The Taraba Government said on Friday that it achieved 100 per cent of its target in the 14 rounds of Polio immunisation conducted in the state in the last 18 months.
The state Commissioner for Health, Dr Innocent Vakkai, who disclosed this in Jalingo, at the flag-off of the November 2017 Round of Polio Immunisation Campaign, said the targeted population was reached.
Vakkai attributed the success to the timely payment of the counterpart funds for the programme by the Gov. Darius Ishaku-led administration.
The commissioner however noted that the campaign encountered challenges in October when some people rejected the vaccine, claiming that it contained monkey pox.
“We had some difficulty in the field where some people rejected the polio vaccine claiming it had monkey pox virus.
“However, it is good to inform you that we developed different counter measures during and after the campaign; God willing, we have dispelled the rumour.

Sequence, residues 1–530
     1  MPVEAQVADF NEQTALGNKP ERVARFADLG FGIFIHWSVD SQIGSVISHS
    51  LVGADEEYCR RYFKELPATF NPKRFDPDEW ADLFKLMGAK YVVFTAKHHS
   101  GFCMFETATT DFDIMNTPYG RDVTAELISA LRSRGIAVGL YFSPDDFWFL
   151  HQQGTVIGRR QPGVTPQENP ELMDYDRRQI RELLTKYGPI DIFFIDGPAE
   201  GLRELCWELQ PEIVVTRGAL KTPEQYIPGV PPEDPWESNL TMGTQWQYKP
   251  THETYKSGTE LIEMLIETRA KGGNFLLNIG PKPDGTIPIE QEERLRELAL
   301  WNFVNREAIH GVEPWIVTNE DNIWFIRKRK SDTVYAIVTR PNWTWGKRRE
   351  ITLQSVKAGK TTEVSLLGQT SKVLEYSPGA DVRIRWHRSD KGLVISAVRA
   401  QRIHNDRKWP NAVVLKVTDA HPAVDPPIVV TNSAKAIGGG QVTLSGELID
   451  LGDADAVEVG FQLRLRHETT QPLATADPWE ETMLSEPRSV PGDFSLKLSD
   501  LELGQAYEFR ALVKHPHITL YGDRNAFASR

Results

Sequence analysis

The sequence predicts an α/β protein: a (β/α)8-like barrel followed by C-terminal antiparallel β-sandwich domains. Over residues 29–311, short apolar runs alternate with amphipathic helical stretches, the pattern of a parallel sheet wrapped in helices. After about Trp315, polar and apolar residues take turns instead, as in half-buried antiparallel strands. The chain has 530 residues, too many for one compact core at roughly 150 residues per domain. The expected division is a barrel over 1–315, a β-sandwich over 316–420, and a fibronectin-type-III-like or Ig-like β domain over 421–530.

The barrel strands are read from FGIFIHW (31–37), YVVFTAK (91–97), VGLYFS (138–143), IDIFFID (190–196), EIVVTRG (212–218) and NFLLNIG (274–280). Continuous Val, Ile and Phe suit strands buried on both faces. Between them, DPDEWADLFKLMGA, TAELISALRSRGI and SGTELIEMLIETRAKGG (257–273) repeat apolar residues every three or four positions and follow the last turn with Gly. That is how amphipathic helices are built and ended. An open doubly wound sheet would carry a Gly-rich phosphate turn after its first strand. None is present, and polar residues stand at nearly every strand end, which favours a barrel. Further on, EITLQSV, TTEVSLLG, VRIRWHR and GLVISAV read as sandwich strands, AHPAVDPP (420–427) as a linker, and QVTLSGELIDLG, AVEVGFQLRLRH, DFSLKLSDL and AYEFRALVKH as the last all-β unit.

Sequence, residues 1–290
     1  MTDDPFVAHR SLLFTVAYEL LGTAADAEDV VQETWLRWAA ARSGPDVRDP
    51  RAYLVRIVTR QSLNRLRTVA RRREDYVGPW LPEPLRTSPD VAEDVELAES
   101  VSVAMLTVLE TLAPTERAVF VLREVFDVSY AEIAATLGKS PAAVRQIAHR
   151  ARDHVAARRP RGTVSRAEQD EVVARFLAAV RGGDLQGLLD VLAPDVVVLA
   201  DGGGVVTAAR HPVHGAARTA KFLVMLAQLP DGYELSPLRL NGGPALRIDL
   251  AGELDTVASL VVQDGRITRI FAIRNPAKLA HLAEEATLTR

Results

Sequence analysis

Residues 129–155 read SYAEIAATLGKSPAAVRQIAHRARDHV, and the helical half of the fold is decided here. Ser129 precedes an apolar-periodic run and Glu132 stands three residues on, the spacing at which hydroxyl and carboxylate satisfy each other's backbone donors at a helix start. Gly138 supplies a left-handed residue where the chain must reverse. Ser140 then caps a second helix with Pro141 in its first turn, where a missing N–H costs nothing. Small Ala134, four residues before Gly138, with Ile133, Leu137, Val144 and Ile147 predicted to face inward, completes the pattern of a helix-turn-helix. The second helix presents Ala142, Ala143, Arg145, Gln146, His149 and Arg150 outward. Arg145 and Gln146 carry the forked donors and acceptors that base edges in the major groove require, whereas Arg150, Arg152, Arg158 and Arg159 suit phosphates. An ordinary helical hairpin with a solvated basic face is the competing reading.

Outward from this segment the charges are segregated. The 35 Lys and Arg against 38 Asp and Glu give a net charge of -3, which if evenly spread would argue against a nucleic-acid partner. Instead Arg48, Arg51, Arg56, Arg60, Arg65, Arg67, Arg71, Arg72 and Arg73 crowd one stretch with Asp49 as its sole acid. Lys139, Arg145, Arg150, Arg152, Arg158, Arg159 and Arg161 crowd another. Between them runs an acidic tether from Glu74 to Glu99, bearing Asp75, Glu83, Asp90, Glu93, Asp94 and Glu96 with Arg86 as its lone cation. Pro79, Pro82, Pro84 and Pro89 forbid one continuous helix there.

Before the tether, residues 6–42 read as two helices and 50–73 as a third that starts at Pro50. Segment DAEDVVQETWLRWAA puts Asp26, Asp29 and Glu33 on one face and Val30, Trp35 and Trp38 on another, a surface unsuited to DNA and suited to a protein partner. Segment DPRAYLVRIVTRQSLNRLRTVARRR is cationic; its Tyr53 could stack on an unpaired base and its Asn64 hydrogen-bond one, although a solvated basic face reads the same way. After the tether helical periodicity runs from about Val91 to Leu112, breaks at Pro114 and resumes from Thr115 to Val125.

“It therefore becomes necessary to further clarify that there is no relationship between our immunisation campaign and the emergence of monkey pox virus.
“It is also important to put on record that there is no outbreak of monkey pox disease in Taraba State,’’ Vakkai said.
The Deputy Governor of the state, Alhaji Haruna Manu, said the state would continue to commit resources into immunisation campaigns.
He noted that Nigeria and Pakistan were the only countries still having cases of polio, saying that the state would do everything possible to prevent its citizens from contracting the disease.
Alhaji Aminu Hassan, the Executive Secretary, State Primary Health Care Development Agency, said the agency was committed to formulating the Integrated Primary Health Care under One Roof (PHCUOR) policy.
He explained that the PHCUOR was a national policy aimed at reducing fragmentation in primary health care service delivery, and integrating the services under one authority.
Hassan commended the WHO and UNICEF for supporting the campaign as well as the efforts of the Igbo community in the state in dispelling the monkey pox rumour among the people.